by Andy Weddington
Sunday, 01 January 2017
Artist are just children who refuse to put down their crayons. Al Hirschfeld
IE or EA?
Crayola crayons - two boxes gifted at Christmas.
Daily since Christmas afternoon, crayons have made piece of mind - and peace of mind.
Yet another example of simplicity - a colored wax stick wrapped in a paper skin - to the complexity of "painting" portraits.
First victim, my wife - in 10-15 minutes; more indulgent than patient.
The sketch, an experiment, to determine the possibilities of this "childrens'" medium - first picked up long before pre-school and kindergarten.
For this study, a thick (akin to a first-grader pencil) triangular shaped stick - designed to be easy to hold and not roll. Perfect!
The effort recording piece of mind brought peace of mind, and thoughts of possibilities for the crayons.
A new model - with more time to offer without complaining - necessary.
The old standby agreeable.
Mirror, mirror, on the wall ...
First piece of mind - morning and many triangle sticks.
Next piece of mind - different day, different time of day, different perspective, and one triangle crayon. The black (vice red, blue, green, purple, etc.) choice against white a philosophical and psychological discussion for another commentary
Next piece of mind - different day, different time of day, different perspective, different (artificial) light, and different crayons - traditional shape but "washable."
"Washable" means one thing to a mother (and father) and something else to an artist. For all, sentiment of joy.
And so with a handful of colors, and a little moisture, a move from simplicity toward complexity; with a touch of patriotism.
Next piece of mind - last evening using a couple of washable crayons close in hue and value, more moisture, distorting perspective, and an effort to simplify complicated simplicity.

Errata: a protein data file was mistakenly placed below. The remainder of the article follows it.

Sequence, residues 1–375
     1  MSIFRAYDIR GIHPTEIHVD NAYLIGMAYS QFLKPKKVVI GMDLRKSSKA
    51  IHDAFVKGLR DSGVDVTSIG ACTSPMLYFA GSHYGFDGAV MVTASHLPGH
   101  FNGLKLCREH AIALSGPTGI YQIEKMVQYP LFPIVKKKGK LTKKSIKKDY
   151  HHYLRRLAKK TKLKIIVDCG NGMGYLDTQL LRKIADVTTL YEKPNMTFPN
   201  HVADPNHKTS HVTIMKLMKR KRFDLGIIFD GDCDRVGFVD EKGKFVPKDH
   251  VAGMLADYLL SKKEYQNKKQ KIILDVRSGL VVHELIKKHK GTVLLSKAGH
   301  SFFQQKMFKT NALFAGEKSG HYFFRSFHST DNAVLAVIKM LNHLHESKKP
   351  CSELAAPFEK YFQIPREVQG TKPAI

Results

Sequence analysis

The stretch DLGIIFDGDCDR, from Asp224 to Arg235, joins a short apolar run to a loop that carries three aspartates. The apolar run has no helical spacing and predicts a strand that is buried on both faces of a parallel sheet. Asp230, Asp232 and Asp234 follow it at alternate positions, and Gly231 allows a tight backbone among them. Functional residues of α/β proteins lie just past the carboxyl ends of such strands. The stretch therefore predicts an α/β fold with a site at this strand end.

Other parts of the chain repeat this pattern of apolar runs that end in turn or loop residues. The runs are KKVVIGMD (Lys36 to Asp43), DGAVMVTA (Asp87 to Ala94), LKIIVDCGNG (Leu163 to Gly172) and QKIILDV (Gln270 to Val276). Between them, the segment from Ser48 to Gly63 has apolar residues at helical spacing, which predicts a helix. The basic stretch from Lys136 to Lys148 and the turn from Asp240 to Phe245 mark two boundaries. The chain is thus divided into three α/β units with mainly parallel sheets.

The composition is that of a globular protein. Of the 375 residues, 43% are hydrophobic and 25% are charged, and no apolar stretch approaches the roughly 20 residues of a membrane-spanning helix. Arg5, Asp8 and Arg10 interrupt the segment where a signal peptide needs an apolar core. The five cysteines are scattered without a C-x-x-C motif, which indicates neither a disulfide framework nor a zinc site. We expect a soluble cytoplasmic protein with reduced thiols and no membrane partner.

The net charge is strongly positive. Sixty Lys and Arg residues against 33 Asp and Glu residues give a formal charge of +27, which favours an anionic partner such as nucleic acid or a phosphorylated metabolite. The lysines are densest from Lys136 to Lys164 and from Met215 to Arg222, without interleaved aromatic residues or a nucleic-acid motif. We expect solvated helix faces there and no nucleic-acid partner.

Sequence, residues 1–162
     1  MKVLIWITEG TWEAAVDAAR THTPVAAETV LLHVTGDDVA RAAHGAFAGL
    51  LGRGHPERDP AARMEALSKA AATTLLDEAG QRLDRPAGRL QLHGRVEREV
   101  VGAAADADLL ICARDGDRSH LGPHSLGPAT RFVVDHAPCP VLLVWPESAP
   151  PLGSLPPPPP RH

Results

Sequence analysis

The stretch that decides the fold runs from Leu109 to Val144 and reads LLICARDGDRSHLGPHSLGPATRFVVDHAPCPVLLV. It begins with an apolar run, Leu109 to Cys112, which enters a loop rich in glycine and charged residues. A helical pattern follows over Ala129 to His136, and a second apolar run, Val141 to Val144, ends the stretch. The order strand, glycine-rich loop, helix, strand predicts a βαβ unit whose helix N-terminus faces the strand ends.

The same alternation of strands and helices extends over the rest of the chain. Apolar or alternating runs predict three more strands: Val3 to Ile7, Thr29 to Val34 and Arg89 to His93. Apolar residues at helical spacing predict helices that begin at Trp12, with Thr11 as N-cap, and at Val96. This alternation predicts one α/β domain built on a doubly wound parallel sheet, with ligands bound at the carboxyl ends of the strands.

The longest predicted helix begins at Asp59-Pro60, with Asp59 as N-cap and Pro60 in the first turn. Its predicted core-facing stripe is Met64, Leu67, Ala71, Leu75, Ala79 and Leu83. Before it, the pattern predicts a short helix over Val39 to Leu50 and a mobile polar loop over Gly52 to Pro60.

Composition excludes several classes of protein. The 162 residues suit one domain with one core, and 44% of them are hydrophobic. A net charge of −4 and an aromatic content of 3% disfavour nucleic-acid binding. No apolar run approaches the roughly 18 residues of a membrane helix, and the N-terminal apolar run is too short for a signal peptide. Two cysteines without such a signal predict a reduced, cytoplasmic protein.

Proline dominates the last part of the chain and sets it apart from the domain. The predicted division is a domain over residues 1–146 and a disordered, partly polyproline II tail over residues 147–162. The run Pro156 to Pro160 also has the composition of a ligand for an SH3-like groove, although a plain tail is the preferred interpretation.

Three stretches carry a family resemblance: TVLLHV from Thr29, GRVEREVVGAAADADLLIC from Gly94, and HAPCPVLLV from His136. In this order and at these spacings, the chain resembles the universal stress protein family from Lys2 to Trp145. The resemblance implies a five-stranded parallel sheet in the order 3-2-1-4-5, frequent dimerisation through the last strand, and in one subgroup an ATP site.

In his later years, Henri Matisse used scissors to cut shapes out of paper - sometimes colored paper, sometimes painting the paper - and pasted them to a larger sheet of paper or canvas to create a painting.
One might conclude he finally realized that in simplicity resides complexity. The artist's task is to find it. To see it. He did. For what he created from simple cut-out shapes is not only complex but beautiful.
The point being complexity need not be complex to be simply beautiful. Noise the fine line. But define noise. That's simple. That's complicated.
Did Matisse, whose art I know and admire, influence me to again investigate crayons?
But that less likely had the crayons not been a gift.
Such as it is, crayons, not scissors, fill my hands ...
to render piece of mind.
Peace of mind rendered.
So far, in about half-dozen crayon portraits in a 10 x 7 in sketch (not coloring) book.
Happy, for crayons, this New Year!
Robert Fulghum wrote and published 'All I Really Need to Know I Learned in Kindergarten.' I read it when first out in 1986. Terrific little book! Recommend.
Mr. Fulghum said, "If you want an interesting party sometime, combine cocktails with a fresh box of crayons for everyone."
But complement the crayons with plain, white, unlined paper, not a coloring book. And mirrors!